There are moments in every entrepreneur’s life when he faces obstacles so daunting he’s tempted to throw in the towel. For Colin Day, that day came in 2000, a year after he founded New Jersey software company iCIMS, at the age of 23.
“Our funding was cut off, and we had to become self-sustaining immediately,” recalls Day, whose software helped companies recruit talent. “We cut two-thirds of our staff the next day, and I began writing a business plan detailing how we’d close shop.”
Ninety-nine out of 100 entrepreneurs would have proceeded with that course of action, but Day found himself an outlier for one reason: his immense fear of failure. “I found myself saying, ‘Failure just isn’t an option,’ and shredding the business plan,” he recalls.
Part of that decision may have been the folly of youth. Day was just a few years out of college, armed with only a bachelor’s degree in psychology from Cornell University and two years of experience working as a recruiter for Comrise Technology, a recruiting firm in the technology industry. Day came from a family of entrepreneurs, however, and wasn’t going to let inexperience prevent him from starting his own business.
The timing, it turns out, was fortuitous: Comrise had built internal recruiting software that Day thought had potential, so he convinced the company’s executives to let him spin off a company that would take the software to market. “They not only said yes, but offered to fund it,” Day says. It was one of those rare moments in Day’s life in which “all the stars aligned.”
Less than a year later, however, Comrise cut funding, and with good reason. “We offered our solution via a software-as-a-service model, which had just been invented,” Day says. “It was like the Wild West. Companies were going out of business every day, creating an aura of instability that made it difficult for a start-up to gain customers. We weren’t just selling great software; we were selling the stability of the company.”
Day managed to succeed despite the fact that he was going through, in his words, “the business school of hard knocks.” First, he had a good product. “I’m not a coder, but I knew what recruiters wanted,” he recalls. “We’re often told we’ve built an easy-to-understand system, and I think a lot of that is the result of bringing together the little experience I had quite effectively.”
Additionally, Day read avidly, and credits several books—including Good to Great, Built to Last, The Long Tail, Blue Ocean Strategy, and Delivering Happiness—with being instrumental to the kind of company he created. Today, he keeps them shelved in the company’s library. “The Jim Collins books, in particular, taught us to be great at one thing, which led us to focus only on the acquisition segment of the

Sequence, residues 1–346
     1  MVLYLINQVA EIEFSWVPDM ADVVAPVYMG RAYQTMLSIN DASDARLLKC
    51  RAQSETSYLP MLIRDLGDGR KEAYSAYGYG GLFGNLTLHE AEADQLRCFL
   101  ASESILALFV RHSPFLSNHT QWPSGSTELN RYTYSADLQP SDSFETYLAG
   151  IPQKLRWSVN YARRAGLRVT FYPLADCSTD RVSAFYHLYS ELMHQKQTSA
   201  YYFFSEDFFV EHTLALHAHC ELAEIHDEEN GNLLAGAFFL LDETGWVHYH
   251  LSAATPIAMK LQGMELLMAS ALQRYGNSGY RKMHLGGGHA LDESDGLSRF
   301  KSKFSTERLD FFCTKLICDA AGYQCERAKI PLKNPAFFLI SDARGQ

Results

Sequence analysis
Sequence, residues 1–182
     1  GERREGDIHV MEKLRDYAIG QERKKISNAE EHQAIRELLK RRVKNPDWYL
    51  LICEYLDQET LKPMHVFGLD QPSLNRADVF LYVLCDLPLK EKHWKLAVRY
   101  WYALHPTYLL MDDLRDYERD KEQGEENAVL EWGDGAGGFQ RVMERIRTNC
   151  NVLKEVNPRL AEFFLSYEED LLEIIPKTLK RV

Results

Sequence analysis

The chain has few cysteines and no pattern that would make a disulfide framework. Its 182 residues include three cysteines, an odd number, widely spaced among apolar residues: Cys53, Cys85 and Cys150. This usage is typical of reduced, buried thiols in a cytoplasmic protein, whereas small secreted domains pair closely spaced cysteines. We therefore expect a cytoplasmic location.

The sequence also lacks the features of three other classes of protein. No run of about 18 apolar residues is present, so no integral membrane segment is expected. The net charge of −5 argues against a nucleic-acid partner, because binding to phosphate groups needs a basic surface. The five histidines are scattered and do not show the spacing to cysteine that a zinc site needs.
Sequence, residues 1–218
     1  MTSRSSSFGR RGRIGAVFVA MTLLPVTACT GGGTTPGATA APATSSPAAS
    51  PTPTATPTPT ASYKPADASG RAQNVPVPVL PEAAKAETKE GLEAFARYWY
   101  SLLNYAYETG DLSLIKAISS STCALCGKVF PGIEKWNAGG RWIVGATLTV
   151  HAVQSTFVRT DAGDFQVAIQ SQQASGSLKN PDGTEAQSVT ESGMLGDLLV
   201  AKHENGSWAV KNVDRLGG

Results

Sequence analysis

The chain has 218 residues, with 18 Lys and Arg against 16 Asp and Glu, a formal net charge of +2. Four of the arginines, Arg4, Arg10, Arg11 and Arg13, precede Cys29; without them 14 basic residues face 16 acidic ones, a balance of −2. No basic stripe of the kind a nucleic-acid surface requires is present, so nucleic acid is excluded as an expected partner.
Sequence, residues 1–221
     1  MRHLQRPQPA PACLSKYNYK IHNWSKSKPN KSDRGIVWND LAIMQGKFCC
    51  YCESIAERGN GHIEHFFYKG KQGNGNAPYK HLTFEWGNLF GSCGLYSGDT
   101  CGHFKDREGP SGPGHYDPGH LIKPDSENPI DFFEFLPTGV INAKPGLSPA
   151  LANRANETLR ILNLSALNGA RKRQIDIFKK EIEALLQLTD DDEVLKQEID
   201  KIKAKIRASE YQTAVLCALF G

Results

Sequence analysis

recruiting market,” Day says.
Day also credits his board of directors with giving some of the best advice he has ever received. “Early in our history, there were hundreds of vendors in the market, with no differentiation,” Day says. “Everyone was fighting on price, and no one was profitable as a result. Our board told us to do two things: change our value proposition to focus on being the best in customer service, and triple our price. We thought it was suicide, but we did it, and it was the best decision we ever made. We rose above the fray.”
Today, iCIMS offers three products: Connect, which uses a CRM system to turn passive candidates into active applicants; Recruit, which posts job openings to internal and external websites and accepts résumés; and Onboard, which facilitates the administrative work necessary after an applicant has been hired. The company—which posted revenue of $25.6 million in 2010—has been tremendously successful, growing organically at a 43 percent compound-annual growth rate since 2003. It has made the Inc. 5000 list of fastest growing companies for six consecutive years, and it’s ready for the future: early in 2012, the company announced that Susquehanna Growth Equity had taken a minority stake in the firm, giving it $35 million to spend on expansion.
With those numbers and a current employee base of 210—which is expected to grow by 25 percent in 2012—you’d think Day could take a break. But the self-described perfectionist isn’t taking it easy, despite now having two young children, and can often be found working from his treadmill desk, an attempt to beat stress without slowing down. He is, however, changing his perspective. “By hiring so many great people, I hired myself out of my old day job, and for a while I struggled with that,” he says. “But I now understand that my role is to chart out the future, and that is a continuous education.”